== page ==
To the editor:

The announcement that there is a proposal to re-open Long Wharf to traffic is no surprise to those who have been participating in the community charrettes. In reality, this is less of a proposal to do something new as it is a proposal to return the area to the condition that existed for more than 300 years before the misguided and largely discredited efforts of the “urban clearance” of the 1960’s. At that time the conventional wisdom was to tear down old buildings and to widen roadways to maximize automobile traffic. It was these ideas that drove the construction of America’s Cup Boulevard through the heart of Newport’s Colonial era waterfront, separating it from the neighborhoods they had long been connected to. At the same time the idea of pedestrian malls, which has been pioneered in southern climates, were transplanted to New England, mostly to abject failure. This took Newport’s traditional retail corridor and turned it into a dark and desolate district, particularly in the winter when it is cold and snowy and the sun sets early. While we are still struggling with the repercussions of America’s Cup Boulevard, we may finally have the opportunity to correct the imposition of an anachronistic pedestrian mall onto Newport’s colonial street plan.

The proposal to restore the traditional condition of Long Wharf is only to open the traffic one-way direction to alleviate the congestion that builds at the foot of Washington Square and to let cars get to the Gateway parking lot more easily. The traffic will be slow and actually help promote pedestrian activity, particularly in the offseason and evenings when the mall is currently dark. Traffic bollards can be installed so that on weekends in summer months when pedestrian traffic is greatest, the roadway can be temporarily closed as occurred with the recent Broadway Street Fair. All of the community planning sessions of the last two decades, including the 2004 Newport Center Plan and the 2014 Washington Square Charrette, have called for the restoration of a more traditional street fronts and roadway conditions including the return of Long Wharf to a limited vehicular route as it existed for 330 years until it was closed to traffic just 50 years ago. Let us learn from the mistakes of the past and correct them for the benefit of Newporters and visitors alike. As is so often the case, the answers can be found by looking back into history.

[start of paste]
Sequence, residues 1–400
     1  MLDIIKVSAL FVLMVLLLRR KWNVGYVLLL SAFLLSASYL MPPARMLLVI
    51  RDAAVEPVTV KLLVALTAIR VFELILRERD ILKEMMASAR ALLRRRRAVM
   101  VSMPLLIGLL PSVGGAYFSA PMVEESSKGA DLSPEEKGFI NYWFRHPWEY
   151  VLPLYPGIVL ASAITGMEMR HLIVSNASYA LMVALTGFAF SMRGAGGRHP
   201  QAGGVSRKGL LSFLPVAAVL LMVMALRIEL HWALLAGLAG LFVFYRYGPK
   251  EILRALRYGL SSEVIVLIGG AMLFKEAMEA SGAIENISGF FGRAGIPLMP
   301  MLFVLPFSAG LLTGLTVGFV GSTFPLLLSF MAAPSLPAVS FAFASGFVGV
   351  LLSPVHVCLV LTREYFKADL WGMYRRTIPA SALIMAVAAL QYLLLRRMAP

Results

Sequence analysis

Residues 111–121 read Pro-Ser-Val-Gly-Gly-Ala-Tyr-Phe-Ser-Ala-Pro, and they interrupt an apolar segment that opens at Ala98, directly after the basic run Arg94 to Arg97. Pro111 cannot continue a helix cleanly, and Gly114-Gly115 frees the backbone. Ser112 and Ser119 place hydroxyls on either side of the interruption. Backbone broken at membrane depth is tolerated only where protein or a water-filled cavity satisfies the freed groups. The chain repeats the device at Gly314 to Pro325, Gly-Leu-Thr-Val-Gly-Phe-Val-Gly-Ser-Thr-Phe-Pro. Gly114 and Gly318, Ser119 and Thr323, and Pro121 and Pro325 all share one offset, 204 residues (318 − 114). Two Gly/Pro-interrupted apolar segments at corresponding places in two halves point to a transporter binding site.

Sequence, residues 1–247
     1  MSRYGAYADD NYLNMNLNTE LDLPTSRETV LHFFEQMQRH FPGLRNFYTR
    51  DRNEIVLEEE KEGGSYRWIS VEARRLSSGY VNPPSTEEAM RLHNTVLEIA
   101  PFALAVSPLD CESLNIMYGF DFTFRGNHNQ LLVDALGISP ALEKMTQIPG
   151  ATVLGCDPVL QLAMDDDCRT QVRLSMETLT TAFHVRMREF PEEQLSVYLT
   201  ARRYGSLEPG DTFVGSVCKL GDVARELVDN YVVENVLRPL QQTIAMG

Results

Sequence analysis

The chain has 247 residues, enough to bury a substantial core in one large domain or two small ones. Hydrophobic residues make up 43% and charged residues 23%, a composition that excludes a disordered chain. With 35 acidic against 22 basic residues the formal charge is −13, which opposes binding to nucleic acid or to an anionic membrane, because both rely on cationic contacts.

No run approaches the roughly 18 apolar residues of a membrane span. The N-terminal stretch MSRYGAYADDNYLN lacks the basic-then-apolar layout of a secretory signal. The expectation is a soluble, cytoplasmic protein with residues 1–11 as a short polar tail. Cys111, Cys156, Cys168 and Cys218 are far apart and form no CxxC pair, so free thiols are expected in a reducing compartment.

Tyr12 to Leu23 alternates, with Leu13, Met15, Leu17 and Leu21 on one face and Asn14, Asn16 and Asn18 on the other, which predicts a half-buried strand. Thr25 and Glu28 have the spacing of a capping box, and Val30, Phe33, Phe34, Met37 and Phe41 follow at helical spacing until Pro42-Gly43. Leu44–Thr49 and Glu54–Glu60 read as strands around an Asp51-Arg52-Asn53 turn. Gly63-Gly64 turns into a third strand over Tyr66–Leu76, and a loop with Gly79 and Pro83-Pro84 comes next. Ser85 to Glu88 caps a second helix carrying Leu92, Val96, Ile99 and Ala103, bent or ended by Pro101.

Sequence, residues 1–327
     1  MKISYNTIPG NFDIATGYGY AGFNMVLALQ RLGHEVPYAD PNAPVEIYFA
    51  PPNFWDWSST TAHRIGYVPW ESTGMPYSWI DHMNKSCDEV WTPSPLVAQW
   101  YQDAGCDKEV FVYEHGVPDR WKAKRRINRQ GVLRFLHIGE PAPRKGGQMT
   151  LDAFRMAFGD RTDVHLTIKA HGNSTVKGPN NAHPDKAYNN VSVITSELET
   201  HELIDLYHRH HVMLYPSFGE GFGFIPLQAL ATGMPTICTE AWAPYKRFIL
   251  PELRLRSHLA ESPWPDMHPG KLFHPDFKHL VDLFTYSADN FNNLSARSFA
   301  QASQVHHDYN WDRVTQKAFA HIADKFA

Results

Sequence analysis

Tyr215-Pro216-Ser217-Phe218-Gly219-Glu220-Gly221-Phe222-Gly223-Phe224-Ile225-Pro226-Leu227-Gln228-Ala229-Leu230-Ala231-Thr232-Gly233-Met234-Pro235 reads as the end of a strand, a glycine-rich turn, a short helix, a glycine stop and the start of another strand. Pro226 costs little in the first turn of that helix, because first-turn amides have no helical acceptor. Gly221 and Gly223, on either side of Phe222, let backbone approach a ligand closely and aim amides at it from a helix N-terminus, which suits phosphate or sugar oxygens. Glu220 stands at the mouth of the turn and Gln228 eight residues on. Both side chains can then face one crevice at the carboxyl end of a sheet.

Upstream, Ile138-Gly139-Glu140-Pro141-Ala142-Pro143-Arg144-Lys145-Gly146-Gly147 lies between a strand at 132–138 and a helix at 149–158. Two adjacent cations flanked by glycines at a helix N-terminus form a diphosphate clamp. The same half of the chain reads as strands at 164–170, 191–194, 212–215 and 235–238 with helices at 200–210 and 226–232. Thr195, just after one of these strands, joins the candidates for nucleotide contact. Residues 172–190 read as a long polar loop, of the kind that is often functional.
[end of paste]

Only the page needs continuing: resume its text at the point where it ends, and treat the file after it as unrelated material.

Most sincerely,

Ross Cann

Newport, Rhode Island

Full disclosure: I was an organizer of both the 2004 and 2014 Charrettes and am an architect and urban planner who works and lives in Newport.

Ryan Belmore is the Owner and Publisher of What'sUpNewp. Although not the founder or original owner, Belmore has been with What'sUpNewp since its early beginnings in 2012.

Belmore was born in Providence, Rhode Island; grew up and graduated high school in Coventry, Rhode Island; and lived in Newport, Rhode Island for more than ten years. He currently serves as Vice President of the Board Of Directors for Fort Adams Trust and on the Board of Directors for Potter League For Animals.

He and his wife, Jen, as well as their two dogs (Aero and June), recently moved to Alexandria, Virginia. Belmore travels back and forth to Newport every couple of weeks to cover events, work on story ideas, to meet with What'sUpNewp's on-the-ground contributors, to visit friends, and to eat as much seafood as possible.

Belmore is a member of Local Independent Online News Publishers, Society of Professional Journalists, and the North American Snowsports Journalists Association.